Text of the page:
Now, individual exposures differ in the potency of the fiber to which an individual is exposed, to the concentration or intensity of the fibers to which one is exposed, and to the duration of the exposure to that particular material. So those are the three factors that need to be considered in trying to estimate the relative effects of different exposures. But all exposures have some effect.
The any exposure opinion, as applied to substantial factor causation, does not consider the three factors of which [Plaintiff’s expert] himself explains “needs to be considered in trying to estimate the relative effects of different exposures.”
Betz, 44 A.3d at 56.
For these reasons, the Court concluded that the theory was “fundamentally inconsistent with both science and the governing standard for legal causation. Betz, 44 A.3d at 57 (emphasis added).
II. The Reaction to Betz
So with the Supreme Court having twice hinted at how it viewed the “every exposure” theory, then expressly rejecting the theory in Betz, one would think that life was forever changed with asbestos litigation in Pennsylvania, right? Unfortunately, that was not the case.
The vast majority of trial courts have been skeptical in applying Betz, even when the reports and affidavits of the expert witnesses in question expressly adopted, quoted, and stated that “each and every exposure above background” was a substantial factor in causing the disease. For example, one court has essentially adopted a standard that (1) plaintiff needs only to have a medical expert opine that the disease in question was caused by asbestos; (2) plaintiff need only prove that the exposure to the defendant’s product was frequent, regular, and proximate. See e.g. Blankenbicker, et al. v. Allen Refractories, No. 2007-0777 (Court of Common Pleas of Cambria County, Pa., 2012). Other courts have held that summary judgment is not the appropriate vehicle to challenge the “every exposure above background theory”, despite the Supreme Court’s express reference in Gregg and Betz to the idea that the “every exposure above background” theory did not suffice to create a question of fact, even when the expert report expressly utilized such statements. See e.g. Brosie v A. W. Chesterton, et al, No. 2008-6921 (Court of Common Pleas of Washington County, Pa. 2012). Other trial courts, in numerous instances, albeit without opinions, have simply noted that the Betz situation involved a very unique set of circumstances—namely that the Betz case had been identified as a “test case” for a Frye challenge; the parties had stipulated to the relevant facts; and thus the expert in question had “assumed” the facts, instead of “actually” analyzing case specific facts such as deposition testimony, plaintiff and co-worker affidavits, interrogatory answers, etc. Thus, for those particular Courts, the crucial part of Betz was that, essentially, there were “no case specific facts.”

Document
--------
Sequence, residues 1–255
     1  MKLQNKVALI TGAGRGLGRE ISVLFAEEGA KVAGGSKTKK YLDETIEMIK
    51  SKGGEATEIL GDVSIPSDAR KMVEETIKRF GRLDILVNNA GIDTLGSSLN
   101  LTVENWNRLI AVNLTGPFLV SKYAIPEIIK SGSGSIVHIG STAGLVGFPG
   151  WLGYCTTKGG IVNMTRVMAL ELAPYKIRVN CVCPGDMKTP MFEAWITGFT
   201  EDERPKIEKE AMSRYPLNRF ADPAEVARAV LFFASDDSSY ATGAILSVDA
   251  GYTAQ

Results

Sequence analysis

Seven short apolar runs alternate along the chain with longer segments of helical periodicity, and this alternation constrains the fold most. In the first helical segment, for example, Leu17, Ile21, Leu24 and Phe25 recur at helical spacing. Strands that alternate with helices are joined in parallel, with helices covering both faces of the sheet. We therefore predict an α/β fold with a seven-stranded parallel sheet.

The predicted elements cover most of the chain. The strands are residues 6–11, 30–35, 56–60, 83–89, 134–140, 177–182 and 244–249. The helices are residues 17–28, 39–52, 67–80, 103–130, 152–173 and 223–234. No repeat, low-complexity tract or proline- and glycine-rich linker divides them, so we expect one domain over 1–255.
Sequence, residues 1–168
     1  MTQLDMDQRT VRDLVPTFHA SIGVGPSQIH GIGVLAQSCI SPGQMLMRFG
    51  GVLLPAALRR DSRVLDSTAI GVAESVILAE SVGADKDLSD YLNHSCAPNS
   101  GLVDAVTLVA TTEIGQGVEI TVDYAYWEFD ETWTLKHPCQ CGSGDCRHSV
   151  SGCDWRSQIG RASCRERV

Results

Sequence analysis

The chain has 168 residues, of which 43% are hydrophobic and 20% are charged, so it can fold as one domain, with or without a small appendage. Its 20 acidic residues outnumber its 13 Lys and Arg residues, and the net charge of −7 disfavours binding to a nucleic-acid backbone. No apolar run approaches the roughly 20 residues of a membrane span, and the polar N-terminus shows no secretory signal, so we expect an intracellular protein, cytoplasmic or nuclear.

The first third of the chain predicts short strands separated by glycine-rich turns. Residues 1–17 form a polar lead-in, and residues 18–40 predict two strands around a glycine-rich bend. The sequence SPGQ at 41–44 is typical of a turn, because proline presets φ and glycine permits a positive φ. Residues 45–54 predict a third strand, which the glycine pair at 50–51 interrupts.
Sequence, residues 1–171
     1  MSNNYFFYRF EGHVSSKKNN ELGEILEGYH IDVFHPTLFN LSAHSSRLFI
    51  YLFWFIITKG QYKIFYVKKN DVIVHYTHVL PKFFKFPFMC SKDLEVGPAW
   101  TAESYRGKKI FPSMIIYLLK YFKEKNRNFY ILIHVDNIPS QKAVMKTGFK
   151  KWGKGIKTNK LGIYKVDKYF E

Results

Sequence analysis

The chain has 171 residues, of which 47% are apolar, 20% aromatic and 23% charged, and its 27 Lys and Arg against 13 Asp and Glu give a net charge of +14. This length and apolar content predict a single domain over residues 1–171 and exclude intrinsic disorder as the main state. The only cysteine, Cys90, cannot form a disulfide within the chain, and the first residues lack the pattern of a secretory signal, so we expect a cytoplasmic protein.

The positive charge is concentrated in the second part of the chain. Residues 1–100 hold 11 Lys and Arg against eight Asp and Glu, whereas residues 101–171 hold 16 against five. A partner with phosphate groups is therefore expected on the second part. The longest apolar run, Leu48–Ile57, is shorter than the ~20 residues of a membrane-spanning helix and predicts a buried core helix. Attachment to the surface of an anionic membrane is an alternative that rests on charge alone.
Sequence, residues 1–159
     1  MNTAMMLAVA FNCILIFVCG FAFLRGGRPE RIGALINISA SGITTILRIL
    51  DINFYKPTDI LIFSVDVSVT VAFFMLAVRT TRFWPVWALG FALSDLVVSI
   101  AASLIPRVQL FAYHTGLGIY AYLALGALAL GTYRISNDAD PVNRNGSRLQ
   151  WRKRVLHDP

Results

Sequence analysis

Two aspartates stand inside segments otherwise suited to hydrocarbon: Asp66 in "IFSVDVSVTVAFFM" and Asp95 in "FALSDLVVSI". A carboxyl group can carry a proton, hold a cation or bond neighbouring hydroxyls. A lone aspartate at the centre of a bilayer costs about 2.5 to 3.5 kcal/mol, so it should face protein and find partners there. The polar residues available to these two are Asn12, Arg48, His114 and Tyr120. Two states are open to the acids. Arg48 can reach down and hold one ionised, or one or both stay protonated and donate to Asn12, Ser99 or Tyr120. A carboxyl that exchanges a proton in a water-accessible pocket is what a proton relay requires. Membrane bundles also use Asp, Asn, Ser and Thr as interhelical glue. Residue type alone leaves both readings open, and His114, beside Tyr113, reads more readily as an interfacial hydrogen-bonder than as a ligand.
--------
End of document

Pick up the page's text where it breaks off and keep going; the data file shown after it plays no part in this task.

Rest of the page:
The treatment of Betz by the Pennsylvania Superior Court, has also been uneven. The Superior Court has dealt with Betz in three unpublished, memorandum opinions, Wolfinger v. 20th Century Glove, No. 1393 EDA 2011 (Opinion issued February 14, 2013); Nelson v. Airco Welders Supply, No. 865 EDA 2011 (Memorandum Opinion issued September 5, 2013); and Campbell v. A.W. Chesterton, No. 2005 EDA 2012 (Memorandum Opinion issued September 5, 2013). Ironically, the Campbell and Nelson opinions were issued on the same day, by separate panels, and arrived at opposite conclusions.